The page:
The Father Wound

In this episode, Miriam talks about the father wound. She explores her own relationship with her father and discusses the impact of his abandonment on her forming and building relationships as an adult.


  • Miriam’s mother married her father very young. Her father was a prince and had multiple wives. Her mother had grown up knowing him as a visitor of her grandad but he then asked to marry her.
  • She moved in with him to a compound where his main house was and where all his wives and children lived. There was a lot of tension due to favouritism, it was not a good situation to be living in and created a lot of jealously, insecurity and negativity. This is how Miriam was brought into the world.
  • Her mother ran away from this situation and Miriam and her sister were brought up by family for the beginning of their lives.
  • For a lot of Miriam’s life she had a fascination with her father. She would see him in men that she walked by on the street and would look for him everywhere she went. She decided she needed to try and make contact with her father and and reconcile her feelings about him.
  •  She got into contact with her father via letter and they communicated for one year before her father painfully died suddenly. She never got the opportunity to go to Cameroon to meet him and talk with him in person as an adult, this still hurts her but she has now managed to start to heal this father wound.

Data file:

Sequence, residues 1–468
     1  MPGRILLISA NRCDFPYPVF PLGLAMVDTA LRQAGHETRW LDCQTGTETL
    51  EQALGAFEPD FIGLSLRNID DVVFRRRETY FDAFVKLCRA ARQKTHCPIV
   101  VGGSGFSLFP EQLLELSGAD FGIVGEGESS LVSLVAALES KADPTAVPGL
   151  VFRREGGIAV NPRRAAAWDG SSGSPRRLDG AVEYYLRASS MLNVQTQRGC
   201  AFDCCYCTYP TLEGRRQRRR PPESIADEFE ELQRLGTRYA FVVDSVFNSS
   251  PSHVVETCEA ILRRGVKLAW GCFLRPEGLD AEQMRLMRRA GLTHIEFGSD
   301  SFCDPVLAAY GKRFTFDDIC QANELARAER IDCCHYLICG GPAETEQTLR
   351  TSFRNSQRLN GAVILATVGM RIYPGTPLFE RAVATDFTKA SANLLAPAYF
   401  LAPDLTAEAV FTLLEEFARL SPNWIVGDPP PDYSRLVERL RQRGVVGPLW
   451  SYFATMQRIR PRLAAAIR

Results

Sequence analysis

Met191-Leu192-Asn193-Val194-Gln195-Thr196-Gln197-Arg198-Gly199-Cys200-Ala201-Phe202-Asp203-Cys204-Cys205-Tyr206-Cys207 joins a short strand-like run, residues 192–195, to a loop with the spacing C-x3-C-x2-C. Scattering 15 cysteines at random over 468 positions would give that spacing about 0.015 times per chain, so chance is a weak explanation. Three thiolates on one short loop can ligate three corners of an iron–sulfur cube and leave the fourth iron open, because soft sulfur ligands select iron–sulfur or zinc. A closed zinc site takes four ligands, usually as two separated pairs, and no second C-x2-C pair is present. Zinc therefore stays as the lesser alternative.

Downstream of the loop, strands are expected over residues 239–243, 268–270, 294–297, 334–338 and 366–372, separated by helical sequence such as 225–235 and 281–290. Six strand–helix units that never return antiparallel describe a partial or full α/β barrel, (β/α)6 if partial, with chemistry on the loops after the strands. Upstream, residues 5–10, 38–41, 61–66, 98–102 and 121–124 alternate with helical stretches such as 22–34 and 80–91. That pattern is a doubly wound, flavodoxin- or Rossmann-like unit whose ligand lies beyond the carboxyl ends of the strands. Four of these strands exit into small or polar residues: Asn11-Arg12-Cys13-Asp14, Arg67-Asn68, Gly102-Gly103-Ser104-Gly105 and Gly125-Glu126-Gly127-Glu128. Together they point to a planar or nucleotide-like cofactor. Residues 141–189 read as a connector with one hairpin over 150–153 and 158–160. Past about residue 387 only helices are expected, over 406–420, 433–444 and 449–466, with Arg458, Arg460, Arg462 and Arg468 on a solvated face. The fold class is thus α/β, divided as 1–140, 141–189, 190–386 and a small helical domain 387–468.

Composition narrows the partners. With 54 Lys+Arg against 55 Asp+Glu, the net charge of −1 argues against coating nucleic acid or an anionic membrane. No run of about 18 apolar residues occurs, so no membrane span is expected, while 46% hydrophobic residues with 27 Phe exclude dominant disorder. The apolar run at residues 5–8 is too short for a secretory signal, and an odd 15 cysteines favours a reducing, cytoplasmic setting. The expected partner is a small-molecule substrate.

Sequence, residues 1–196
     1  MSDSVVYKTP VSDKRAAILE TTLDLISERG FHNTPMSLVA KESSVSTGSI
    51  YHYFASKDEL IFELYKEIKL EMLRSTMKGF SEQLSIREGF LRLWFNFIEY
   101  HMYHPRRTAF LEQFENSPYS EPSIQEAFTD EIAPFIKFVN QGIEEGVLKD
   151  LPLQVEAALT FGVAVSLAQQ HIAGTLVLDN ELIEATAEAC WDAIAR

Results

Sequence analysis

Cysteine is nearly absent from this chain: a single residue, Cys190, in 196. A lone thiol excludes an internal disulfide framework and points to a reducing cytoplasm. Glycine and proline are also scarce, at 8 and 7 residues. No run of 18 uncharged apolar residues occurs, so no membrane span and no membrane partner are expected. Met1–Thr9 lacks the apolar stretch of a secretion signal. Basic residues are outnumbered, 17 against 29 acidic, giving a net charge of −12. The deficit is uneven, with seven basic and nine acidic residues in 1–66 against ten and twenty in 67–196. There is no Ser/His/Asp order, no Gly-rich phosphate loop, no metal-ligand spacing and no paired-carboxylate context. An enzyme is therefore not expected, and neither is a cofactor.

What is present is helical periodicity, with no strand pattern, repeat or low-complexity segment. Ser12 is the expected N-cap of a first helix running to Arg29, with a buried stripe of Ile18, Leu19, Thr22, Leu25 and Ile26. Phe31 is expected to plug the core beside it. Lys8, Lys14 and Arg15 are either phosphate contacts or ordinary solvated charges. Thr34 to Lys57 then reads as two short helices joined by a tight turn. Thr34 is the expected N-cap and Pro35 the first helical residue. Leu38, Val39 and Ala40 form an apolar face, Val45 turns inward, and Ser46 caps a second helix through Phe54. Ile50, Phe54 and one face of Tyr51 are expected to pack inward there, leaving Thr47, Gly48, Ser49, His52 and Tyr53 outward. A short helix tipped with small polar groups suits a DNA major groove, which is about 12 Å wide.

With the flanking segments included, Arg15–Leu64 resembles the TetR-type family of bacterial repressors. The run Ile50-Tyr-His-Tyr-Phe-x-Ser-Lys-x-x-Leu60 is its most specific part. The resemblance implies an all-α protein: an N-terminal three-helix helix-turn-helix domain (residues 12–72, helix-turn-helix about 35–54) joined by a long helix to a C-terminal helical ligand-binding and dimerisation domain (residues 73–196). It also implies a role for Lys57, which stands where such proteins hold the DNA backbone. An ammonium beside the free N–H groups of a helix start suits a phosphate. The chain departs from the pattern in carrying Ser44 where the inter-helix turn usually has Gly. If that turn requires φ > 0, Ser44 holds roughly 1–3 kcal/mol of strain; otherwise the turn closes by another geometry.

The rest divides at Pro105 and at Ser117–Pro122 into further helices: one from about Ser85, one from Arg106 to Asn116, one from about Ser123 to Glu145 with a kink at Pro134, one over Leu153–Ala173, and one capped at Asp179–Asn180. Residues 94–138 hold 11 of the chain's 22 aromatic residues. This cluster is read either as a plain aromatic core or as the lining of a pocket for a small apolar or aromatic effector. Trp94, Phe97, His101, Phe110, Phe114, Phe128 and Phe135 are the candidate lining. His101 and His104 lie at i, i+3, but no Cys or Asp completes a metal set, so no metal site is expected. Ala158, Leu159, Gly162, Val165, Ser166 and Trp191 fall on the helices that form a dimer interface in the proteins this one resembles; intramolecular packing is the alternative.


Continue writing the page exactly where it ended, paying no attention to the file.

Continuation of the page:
• When we recognise patterns we gain awareness, this is how we can start to heal our trauma and forgive others and ourselves for what has happened to us in the past. 




One man, many children, one husband, many wives”


“I’m stretching my arms and there is no one to take them as a father figure”


“I just kept looking for my father everywhere I go”


“Is my father wound gone? I don’t think so but I’m not so bothered by it”



Miriam is a Trauma Informed Coach, an African, a mom of three daughters, a blogger and writer.  After graduating from the London School of Economics, she built her international career in the fields of banking and international development, working for organisations such as the World Economic Forum, Lombard Odier Private Bank, JP Morgan, the Mastercard Foundation and the United Nations. She now uses her passion for psychology and dedicates her time to coaching others to free themselves from the burden of childhood trauma.  Her wish to help other women connect to their inner wisdom, love themselves and follow their passion. In her effort to destigmatize mental health and normalize mental health conversations in black communities, she wrote her memoir about surviving childhood and finding her worth.  


Instagram: @_miriamnjoku/



CLUBHOUSE: @miriamnjoku

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